All About Jazz needs your help and we have a deal. Pay $20 and we'll hide those six pesky Google ads that appear on every page, plus this box and the slideout box on the right for a full year! You'll also fund website expansion.
The latest entry of the Russian Folk Songs series for UK-based Leo Records find the father and daughter team, Evgeny Masloboeva and Anastasia performing with Moscow's prominent new jazz artists, resulting in this fascinating gem. It's an unclassifiable brew in the literal sense. Russian folk is predominately evident throughout many of the abstractions and jazz-tinged momentums. They explore dark, creaky corridors, free-form improvisation, and infuse melodically satisfying modalities and stark tonal contrasts, as the ensemble alternates roles on various tracks. Nonetheless, the program proffers a captivating rite of passage.
Anastasia's angelic voice casts sacred ground on the stunning piece, "Nora (dedicated to Evgeny's granddaughter)." She also performs on the Russian stringed-instrument cymbalo that sounds similar to a dulcimer. Firmly rooted in the folk spectrum, Anastasia's exquisite vocals cast notions of a sanctified aura and sparsely populated by Arkady Shilkloper's solemn Alpine horn lines, generating depth and a perception of distance that layers a broad aural experience into a tantalizing folk-ballad. And Evgeny Masloboeva's understated percussion implementations add a subliminal pace to the proceedings. He implicates a degree of regimentation, combined with an unobstructed view, enabling the piece to breath amid a sense of antiquity and reverence that shades the hallowed vibe. Indeed, a superlative listening experience on many musical fronts.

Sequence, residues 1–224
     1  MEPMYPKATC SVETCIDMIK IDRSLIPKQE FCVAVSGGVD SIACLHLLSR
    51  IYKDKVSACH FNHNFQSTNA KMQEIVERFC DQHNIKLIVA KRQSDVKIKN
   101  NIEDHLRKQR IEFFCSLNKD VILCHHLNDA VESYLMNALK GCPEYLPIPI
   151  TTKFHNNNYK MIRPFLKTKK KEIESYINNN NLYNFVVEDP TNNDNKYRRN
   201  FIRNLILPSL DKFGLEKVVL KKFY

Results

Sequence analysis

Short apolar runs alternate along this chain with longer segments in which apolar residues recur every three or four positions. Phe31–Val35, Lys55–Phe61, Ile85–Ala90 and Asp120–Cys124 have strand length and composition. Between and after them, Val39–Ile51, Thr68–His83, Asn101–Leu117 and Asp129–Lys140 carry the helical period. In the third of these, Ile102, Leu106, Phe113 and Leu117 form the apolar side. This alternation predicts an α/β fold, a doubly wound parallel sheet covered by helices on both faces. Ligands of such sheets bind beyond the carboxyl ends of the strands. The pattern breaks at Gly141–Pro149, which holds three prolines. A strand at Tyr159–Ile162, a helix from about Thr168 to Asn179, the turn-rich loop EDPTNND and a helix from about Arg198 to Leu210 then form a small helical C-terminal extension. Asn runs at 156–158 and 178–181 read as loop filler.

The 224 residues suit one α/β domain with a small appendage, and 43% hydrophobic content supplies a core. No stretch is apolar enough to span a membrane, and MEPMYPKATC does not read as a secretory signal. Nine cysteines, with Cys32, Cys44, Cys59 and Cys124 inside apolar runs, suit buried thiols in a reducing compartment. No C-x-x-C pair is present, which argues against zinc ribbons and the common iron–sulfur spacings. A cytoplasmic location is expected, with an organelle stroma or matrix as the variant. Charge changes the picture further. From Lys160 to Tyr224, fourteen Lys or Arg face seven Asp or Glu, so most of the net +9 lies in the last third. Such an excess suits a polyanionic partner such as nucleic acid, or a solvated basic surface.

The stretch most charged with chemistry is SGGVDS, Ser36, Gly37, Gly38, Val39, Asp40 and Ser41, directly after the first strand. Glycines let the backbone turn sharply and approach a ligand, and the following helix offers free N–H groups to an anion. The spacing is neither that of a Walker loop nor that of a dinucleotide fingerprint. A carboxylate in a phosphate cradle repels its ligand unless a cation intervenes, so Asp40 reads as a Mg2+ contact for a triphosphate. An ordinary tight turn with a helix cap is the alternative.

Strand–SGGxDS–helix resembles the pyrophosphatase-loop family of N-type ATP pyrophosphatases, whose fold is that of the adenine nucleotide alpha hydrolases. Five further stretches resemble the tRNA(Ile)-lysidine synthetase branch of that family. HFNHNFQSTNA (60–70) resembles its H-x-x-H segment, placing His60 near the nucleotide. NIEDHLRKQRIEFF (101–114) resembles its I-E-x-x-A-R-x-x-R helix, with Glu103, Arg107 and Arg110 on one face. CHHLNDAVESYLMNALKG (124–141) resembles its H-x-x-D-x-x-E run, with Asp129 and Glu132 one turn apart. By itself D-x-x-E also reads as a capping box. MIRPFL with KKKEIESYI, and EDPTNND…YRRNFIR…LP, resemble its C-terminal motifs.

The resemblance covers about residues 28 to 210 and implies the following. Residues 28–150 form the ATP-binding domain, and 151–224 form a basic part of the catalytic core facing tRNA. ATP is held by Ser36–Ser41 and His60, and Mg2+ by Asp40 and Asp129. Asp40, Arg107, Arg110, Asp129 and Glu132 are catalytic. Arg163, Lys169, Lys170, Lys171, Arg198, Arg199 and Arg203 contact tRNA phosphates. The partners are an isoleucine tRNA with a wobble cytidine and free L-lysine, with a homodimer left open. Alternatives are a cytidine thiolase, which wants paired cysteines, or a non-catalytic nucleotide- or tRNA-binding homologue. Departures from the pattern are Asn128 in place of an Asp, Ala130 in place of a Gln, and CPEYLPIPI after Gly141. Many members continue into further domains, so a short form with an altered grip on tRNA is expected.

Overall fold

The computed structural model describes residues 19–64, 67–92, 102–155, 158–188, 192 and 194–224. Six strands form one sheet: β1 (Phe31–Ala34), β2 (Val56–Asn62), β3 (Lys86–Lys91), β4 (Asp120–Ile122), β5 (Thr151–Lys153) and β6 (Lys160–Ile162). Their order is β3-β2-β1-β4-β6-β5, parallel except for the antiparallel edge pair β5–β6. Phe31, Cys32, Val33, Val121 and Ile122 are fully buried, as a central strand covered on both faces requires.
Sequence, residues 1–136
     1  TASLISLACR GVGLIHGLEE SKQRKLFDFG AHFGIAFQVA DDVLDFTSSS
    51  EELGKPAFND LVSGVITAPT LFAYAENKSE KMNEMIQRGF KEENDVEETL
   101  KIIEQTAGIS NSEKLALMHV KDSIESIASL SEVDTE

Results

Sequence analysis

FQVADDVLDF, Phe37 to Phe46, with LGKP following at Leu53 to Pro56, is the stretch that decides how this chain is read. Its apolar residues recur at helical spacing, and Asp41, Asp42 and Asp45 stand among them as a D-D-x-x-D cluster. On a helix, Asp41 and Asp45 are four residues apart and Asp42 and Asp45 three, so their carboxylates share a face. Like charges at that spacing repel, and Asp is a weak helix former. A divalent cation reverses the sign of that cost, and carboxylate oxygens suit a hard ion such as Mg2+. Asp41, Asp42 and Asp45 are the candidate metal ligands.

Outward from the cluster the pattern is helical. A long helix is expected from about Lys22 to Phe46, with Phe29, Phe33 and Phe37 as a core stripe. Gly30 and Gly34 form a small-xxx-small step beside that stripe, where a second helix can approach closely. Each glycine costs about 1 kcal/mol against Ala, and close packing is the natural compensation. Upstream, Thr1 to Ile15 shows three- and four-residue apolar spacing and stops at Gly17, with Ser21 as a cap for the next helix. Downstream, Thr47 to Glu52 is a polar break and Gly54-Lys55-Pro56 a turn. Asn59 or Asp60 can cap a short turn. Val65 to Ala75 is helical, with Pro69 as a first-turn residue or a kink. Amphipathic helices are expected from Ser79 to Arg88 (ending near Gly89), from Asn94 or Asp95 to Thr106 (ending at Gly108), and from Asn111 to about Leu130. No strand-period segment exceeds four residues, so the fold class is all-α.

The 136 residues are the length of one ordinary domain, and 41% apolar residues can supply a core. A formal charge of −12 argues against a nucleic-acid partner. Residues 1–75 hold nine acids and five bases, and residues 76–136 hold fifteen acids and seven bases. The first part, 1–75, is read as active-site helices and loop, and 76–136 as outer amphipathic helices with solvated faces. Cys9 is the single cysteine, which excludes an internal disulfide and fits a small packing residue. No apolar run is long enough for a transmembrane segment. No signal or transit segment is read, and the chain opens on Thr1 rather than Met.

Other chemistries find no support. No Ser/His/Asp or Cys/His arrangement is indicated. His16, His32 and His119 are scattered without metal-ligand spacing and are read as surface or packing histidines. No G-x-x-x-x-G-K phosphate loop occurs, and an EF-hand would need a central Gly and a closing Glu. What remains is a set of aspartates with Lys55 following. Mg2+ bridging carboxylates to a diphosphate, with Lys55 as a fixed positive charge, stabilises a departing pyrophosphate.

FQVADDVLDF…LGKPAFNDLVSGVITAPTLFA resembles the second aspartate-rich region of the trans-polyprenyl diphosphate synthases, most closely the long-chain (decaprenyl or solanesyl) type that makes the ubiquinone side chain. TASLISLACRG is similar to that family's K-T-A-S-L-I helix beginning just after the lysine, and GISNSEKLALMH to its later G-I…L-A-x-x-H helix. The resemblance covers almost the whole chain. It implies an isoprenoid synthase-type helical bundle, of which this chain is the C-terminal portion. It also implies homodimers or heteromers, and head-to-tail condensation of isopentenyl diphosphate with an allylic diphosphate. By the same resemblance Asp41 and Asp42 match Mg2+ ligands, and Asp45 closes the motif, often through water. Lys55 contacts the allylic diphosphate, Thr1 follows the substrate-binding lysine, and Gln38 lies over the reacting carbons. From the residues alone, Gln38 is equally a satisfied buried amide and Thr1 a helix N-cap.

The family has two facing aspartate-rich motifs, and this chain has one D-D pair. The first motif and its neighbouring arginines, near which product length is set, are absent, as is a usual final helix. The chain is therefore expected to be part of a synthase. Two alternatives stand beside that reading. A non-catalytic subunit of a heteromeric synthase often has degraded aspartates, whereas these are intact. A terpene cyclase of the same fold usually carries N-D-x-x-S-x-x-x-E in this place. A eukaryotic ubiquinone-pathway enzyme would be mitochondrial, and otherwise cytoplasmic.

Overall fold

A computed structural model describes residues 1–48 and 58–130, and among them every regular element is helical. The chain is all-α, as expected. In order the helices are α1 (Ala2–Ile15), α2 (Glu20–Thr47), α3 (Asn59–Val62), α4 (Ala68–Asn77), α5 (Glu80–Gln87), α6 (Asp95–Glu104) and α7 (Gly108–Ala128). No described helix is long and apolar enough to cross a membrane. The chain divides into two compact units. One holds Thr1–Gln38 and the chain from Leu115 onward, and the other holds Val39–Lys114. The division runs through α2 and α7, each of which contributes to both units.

Personnel: Anastasia Masloboeva: voice, cymbalo; Evgeny Masloboev: drums, percussion, metal objects; Arkady Shilkloper: French horn, Alpine horn.
I was first exposed to jazz when I was studying at the University of Puerto Rico. Nearby, I found a little record shop where the music coming from the store (Taller de Jazz Don Pedro) made me stop. I walked down the short stairs and towards the music and learned that the music playing was Clifford Brown and Max Roach
I was first exposed to jazz when I was studying at the University of Puerto Rico. Nearby, I found a little record shop where the music coming from the store (Taller de Jazz Don Pedro) made me stop. I walked down the short stairs and towards the music and learned that the music playing was Clifford Brown and Max Roach. I fell in love with it. I wondered around until the owner (Pedro Soto) asked if I needed help. He then introduced me to John Coltrane, Miles Davis, Gerry Mulligan and the rest is history. I walked out of the store with my first jazz recording: Clifford Brown and Max Roach at Basin Street.